But why in a grander, more metaphysical sense. Like why does tee-ball exist at all? Other than learning which direction to run around the bases? Are the kids really getting anything out of it?
Nobody pitches (which is good because these kids couldn’t throw a strike to save their lives). Nobody catches (a fact I was delighted to realize after a preseason panic attack when I worried my son was the only 5-year-old in America who couldn’t catch … he’s not). Strikes and balls and outs will be introduced later (In fact, even if infielders are lucky enough to gather the ball and get it to first before the runner, the runner stays on base). And they only play 2 to 3 innings (which somehow still feels like 9 innings). When it ends, everyone decides to go for ice cream, which is what they really wanted to do in the first place.
Couldn’t we just distribute a packet of rules and diagrams to the parents and agree to meet back in a few years, once the whole hand-eye coordination thing starts to take hold?
Do we do it just for the pictures? Cause, I’ll admit, they do look pretty darn cute dressed up like real life baseball players. I learned this when they scheduled the team pictures for the second week of the season. And we’re not talking about soccer team pictures where everyone just gathers in front of the goal after a game – usually toward the end of the season. No, this is the real deal of team pictures, with forms to fill out saying how many of different sized photos you want in your expensive photo package. And don’t forget the baseball card style wallet-sized ones.
I’m sorry, but having played only one game in his career before picture day, what exactly should the back of this rookie card say? He’s batting 1000, but still learning to catch?
I also learned something else at team picture day: that a full plastic bottle of water can work as an emergency eye wash. All you have to do is have the patient look into the bottle, then give it a quick and vigorous squeeze. It totally works, trust me.
An explanation seems in order.
Brief aside:

We arrived at team picture day to find all the other players in the league waiting in a long line that snaked out the door of the village recreation building. Our whole team wasn’t there yet.  So, we had some time to kill. My child decided to spend this time climbing a small flowing tree with two other kids from his team.
Then, something went in his eye, and he started crying. No. Screaming. Like blood curdling, “MY EYE! MY EYE! THERE”S SOMETHING IN MY EYE!” type stuff. It unraveled everyone in the line in an instant. I took him to the bathroom, trying to flush out the eye with my hand and the faucet water. I laid him down on a table, then on the sidewalk, then on the ground, all the while trying to examine the eye and pour a paper cup of water in it. I couldn’t get him to stop screaming. This was snot-bubbling and whaling-arms-when-he-wasn’t-restrained type screaming.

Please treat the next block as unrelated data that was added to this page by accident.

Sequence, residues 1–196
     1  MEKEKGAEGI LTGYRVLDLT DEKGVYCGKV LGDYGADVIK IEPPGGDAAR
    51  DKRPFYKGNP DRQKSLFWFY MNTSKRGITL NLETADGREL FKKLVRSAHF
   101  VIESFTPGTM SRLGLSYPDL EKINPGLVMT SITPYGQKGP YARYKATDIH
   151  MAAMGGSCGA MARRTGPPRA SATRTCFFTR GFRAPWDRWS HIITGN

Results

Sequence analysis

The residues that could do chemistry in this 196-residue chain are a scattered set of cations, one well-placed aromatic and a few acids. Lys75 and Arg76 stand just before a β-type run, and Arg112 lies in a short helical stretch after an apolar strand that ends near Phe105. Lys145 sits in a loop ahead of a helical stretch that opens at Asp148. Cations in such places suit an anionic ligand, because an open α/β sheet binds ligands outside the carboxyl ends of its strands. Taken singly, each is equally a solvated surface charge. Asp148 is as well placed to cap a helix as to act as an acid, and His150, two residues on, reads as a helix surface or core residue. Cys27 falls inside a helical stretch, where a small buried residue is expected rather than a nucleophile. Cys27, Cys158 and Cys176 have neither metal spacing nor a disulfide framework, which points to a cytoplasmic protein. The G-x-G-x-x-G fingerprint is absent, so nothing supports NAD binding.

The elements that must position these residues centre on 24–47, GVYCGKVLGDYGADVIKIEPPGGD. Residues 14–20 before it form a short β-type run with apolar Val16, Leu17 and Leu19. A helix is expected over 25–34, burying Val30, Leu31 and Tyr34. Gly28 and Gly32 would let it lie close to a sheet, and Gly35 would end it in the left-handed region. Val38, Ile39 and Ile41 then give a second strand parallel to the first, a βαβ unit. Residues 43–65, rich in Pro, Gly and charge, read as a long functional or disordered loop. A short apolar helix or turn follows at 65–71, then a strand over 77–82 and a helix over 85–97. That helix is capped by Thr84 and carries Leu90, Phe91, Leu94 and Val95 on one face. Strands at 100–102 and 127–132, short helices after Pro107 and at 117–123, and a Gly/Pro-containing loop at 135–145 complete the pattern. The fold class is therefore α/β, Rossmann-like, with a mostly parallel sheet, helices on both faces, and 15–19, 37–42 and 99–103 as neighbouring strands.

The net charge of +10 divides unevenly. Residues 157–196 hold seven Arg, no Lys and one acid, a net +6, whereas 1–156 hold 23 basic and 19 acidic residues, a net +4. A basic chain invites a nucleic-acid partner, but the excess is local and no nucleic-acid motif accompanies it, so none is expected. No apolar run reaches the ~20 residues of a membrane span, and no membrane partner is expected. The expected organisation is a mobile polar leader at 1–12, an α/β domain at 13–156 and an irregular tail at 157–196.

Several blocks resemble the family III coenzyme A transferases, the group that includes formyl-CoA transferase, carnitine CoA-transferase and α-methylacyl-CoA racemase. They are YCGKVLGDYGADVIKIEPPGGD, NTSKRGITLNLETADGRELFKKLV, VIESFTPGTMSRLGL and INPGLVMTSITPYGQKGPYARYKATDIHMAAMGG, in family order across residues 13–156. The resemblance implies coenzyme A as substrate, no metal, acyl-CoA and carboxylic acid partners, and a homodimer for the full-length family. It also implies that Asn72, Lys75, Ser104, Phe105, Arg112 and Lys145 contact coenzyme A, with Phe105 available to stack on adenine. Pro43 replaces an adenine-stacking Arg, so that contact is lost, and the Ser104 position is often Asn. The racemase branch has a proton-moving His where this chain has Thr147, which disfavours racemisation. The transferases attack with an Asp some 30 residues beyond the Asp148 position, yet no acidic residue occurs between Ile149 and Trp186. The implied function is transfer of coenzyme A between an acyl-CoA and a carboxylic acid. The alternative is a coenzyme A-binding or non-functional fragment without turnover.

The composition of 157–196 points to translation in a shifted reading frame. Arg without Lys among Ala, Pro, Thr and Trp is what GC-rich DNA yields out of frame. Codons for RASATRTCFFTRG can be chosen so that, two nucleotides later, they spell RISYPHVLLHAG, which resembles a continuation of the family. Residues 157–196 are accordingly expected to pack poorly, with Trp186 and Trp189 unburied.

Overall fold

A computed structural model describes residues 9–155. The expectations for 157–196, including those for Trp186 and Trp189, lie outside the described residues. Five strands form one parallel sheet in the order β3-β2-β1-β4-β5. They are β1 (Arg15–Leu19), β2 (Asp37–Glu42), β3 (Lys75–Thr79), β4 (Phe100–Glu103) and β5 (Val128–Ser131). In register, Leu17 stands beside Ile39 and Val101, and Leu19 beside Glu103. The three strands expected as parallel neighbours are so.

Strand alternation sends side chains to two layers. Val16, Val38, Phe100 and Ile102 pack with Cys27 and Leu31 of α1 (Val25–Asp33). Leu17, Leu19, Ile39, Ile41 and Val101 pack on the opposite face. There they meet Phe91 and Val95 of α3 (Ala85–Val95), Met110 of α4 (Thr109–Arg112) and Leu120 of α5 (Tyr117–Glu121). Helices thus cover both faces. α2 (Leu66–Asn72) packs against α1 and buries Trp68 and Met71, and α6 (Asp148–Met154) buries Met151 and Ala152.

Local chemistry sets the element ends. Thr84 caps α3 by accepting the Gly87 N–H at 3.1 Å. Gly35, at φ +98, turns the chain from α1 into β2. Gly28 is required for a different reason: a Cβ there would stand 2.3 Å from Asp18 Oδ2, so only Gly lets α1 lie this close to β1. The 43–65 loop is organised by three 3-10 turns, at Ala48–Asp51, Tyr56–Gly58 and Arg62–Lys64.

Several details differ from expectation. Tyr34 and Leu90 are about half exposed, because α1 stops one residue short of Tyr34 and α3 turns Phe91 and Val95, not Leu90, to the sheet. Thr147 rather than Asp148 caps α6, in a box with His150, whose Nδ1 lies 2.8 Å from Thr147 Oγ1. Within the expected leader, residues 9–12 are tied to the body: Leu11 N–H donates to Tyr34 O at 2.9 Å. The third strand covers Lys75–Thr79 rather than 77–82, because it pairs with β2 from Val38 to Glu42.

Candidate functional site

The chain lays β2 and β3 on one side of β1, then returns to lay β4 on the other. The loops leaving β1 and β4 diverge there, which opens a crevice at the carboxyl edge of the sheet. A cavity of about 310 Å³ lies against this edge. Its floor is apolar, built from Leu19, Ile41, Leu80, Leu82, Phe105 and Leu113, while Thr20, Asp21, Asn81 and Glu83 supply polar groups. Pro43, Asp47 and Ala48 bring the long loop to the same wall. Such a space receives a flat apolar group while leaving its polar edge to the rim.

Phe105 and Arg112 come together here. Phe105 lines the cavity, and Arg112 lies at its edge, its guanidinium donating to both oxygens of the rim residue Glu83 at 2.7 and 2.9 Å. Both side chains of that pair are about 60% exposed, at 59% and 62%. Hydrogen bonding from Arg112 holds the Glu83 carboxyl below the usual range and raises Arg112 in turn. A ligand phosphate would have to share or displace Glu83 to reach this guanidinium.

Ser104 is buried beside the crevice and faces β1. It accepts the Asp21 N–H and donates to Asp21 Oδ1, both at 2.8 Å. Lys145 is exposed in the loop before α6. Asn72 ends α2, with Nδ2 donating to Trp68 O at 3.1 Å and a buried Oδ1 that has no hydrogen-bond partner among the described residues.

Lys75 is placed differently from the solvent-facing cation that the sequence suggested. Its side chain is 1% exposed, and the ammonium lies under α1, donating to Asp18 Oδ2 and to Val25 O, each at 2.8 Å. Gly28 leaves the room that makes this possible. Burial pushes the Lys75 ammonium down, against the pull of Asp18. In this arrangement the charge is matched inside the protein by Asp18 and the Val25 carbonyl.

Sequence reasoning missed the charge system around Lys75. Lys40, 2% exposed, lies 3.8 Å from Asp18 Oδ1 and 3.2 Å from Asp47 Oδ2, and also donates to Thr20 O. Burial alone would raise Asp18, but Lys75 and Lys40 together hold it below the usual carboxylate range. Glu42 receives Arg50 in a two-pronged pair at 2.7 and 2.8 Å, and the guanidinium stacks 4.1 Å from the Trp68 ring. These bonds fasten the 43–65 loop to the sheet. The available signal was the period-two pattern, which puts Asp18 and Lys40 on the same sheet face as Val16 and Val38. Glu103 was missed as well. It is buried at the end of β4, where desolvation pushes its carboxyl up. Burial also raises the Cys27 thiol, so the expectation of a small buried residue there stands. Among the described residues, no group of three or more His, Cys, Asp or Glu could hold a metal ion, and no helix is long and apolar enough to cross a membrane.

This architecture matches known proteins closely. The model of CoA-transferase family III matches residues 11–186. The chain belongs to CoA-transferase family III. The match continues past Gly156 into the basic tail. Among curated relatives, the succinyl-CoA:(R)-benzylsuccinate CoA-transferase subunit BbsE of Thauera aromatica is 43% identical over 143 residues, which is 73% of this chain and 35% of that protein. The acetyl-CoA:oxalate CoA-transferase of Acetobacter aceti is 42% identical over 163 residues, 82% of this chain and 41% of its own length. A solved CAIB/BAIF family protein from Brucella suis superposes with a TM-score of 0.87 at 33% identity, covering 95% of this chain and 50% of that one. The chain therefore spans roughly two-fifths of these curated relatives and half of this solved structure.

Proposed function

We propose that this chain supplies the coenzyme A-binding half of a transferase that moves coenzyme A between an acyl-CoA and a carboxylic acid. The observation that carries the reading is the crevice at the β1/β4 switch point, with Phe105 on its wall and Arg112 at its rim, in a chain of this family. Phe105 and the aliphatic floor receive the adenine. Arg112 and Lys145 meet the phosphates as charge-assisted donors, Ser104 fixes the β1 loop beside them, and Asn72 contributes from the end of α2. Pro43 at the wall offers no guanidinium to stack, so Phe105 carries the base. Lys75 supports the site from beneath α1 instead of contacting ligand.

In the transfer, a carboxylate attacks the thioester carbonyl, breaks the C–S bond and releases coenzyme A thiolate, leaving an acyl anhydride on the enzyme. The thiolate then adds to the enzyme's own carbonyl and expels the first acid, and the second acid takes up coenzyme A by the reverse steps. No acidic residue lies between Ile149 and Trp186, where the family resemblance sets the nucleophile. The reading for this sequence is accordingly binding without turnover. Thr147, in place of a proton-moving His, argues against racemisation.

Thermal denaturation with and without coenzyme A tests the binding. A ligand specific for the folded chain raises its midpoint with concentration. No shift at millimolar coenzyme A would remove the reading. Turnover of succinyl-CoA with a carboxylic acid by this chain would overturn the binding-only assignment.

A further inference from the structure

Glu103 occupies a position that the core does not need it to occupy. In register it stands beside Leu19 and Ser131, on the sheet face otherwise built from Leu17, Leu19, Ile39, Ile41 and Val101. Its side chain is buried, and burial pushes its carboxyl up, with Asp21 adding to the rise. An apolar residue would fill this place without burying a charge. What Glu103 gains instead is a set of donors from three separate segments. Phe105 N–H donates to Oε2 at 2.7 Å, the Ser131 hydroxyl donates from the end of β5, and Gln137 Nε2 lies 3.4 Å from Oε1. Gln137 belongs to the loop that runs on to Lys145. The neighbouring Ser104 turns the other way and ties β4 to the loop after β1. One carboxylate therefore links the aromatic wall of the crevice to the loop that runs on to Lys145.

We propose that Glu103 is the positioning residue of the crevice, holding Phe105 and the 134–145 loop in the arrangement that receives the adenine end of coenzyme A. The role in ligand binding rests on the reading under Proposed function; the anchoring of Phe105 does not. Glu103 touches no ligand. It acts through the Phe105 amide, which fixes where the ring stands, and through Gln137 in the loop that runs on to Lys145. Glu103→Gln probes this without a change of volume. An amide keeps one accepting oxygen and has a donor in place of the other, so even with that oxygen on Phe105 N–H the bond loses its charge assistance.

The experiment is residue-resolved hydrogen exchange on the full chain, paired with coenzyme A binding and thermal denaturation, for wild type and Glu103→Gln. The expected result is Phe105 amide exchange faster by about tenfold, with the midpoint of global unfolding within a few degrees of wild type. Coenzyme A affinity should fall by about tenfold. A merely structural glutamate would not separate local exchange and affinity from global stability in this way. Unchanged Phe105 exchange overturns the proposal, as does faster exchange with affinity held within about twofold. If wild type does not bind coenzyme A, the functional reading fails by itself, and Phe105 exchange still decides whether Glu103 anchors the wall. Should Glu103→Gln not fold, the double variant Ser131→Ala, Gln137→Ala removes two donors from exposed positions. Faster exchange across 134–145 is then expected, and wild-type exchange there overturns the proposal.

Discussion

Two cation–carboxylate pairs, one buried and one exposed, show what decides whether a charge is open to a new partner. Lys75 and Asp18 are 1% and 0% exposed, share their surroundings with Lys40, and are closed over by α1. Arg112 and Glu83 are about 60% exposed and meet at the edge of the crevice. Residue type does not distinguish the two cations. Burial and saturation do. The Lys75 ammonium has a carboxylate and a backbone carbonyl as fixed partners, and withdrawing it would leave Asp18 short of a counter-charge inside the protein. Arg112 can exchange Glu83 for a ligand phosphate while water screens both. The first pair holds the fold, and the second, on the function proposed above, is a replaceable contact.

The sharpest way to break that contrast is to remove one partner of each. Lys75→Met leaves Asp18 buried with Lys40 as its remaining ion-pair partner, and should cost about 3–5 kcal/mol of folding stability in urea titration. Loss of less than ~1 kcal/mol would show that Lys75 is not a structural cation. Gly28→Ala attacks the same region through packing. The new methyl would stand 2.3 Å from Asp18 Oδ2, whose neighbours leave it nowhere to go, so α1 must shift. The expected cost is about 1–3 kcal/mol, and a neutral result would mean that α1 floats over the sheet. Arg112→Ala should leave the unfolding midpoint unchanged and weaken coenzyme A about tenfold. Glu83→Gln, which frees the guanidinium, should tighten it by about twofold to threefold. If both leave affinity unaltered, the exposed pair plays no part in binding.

An eye doctor happened to be there with her tee-baller and came over to consult and console. She couldn’t see anything in the eye, and said was likely scratched. I, however, could tell by his fluctuating screams that whatever was there was still there. I’m not a doctor, just a parent.  
So, I devised a plan. (They say necessity is the mother of invention). I remembered I had some plastic water bottles in the car. They were warm, unopened, and just a parking lot away. I ran like Usain Bolt while my boy’s big sister kept him still on the ground for me. Once back with a water bottle, I had him look into it, which took some convincing. Then I quick squeezed it, rushing water into his eye and all over his face and clothes. At first he screamed louder, slightly shocked by my move. Then, within five seconds, he magically said, “It feels better.”
Whatever it was, it was out.
Time had passed during the eye episode and, as it turned out, his team was just lining up for their official photo in the makeshift studio with the professional photographer’s lights. We rushed him in and he took his place. He’s the one in the photo with the drenched jersey and the look like he just finished a 20-minute scream.  
Needless to say, we didn’t order the wallet-sized ones.
Aside over.
The photo was just one of the less-than-sweet episodes in our young season that has now included a game played in 42 degree rain (the local minor league baseball team cancelled their game that day, but we played on), a game in 90+ degree sun, and a few more Saturday evenings and Sunday afternoons in between.
I love watching my kid "bat," for sure, but when did tee-ball get so bad?
I remember playing the sport when I was a kid, and loving the cheering crowd, and the thrill of being at bat. Come to think of it, I really remember the feeling of making it to home base … usually after a series of infield singles by me and my teammates.
It’s starting to make sense again.
Now there’s an update to this one tee-ball story.
This past weekend our boy hit a home run. Actually, he hit two in the same game. And not just any home runs, but grand slams. (Full disclosure: the last batter at bat every inning gets to circle the bases, with all the other runners on base also getting to go home – most even run the right direction. They call it a home run. And so do we).
He got picked to bat last in the game, hitting the ball both times roughly near the pitchers mound, and then circling the bases all the way home.
When it was over, I congratulated him, “You hit a home run, buddy,”
“No,” he replied. “I hit two.”
I smiled deeply.
Tee-ball is such a sweet sport.